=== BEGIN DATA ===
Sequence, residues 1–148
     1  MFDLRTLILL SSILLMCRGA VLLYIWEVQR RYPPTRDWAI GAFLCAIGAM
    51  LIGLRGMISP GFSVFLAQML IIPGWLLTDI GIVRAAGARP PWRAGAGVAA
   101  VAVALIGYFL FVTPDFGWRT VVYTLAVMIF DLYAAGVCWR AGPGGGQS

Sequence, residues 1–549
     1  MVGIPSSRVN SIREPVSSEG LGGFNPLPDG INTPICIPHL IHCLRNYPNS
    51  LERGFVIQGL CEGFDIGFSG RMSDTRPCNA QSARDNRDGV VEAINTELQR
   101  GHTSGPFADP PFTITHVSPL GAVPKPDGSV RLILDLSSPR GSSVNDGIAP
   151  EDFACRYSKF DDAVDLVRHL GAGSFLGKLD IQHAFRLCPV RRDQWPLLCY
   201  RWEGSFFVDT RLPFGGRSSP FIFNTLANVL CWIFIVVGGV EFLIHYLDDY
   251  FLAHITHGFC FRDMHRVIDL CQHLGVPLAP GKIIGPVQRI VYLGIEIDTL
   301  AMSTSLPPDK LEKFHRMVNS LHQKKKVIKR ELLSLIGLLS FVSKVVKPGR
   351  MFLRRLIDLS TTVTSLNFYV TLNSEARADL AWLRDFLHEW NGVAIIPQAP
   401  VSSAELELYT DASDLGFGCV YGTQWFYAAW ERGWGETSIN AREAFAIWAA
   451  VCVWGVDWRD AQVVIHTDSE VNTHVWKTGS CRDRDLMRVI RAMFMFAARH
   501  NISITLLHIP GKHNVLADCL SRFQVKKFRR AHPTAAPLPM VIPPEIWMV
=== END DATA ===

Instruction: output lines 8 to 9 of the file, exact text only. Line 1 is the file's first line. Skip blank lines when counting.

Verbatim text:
   101  GHTSGPFADP PFTITHVSPL GAVPKPDGSV RLILDLSSPR GSSVNDGIAP
   151  EDFACRYSKF DDAVDLVRHL GAGSFLGKLD IQHAFRLCPV RRDQWPLLCY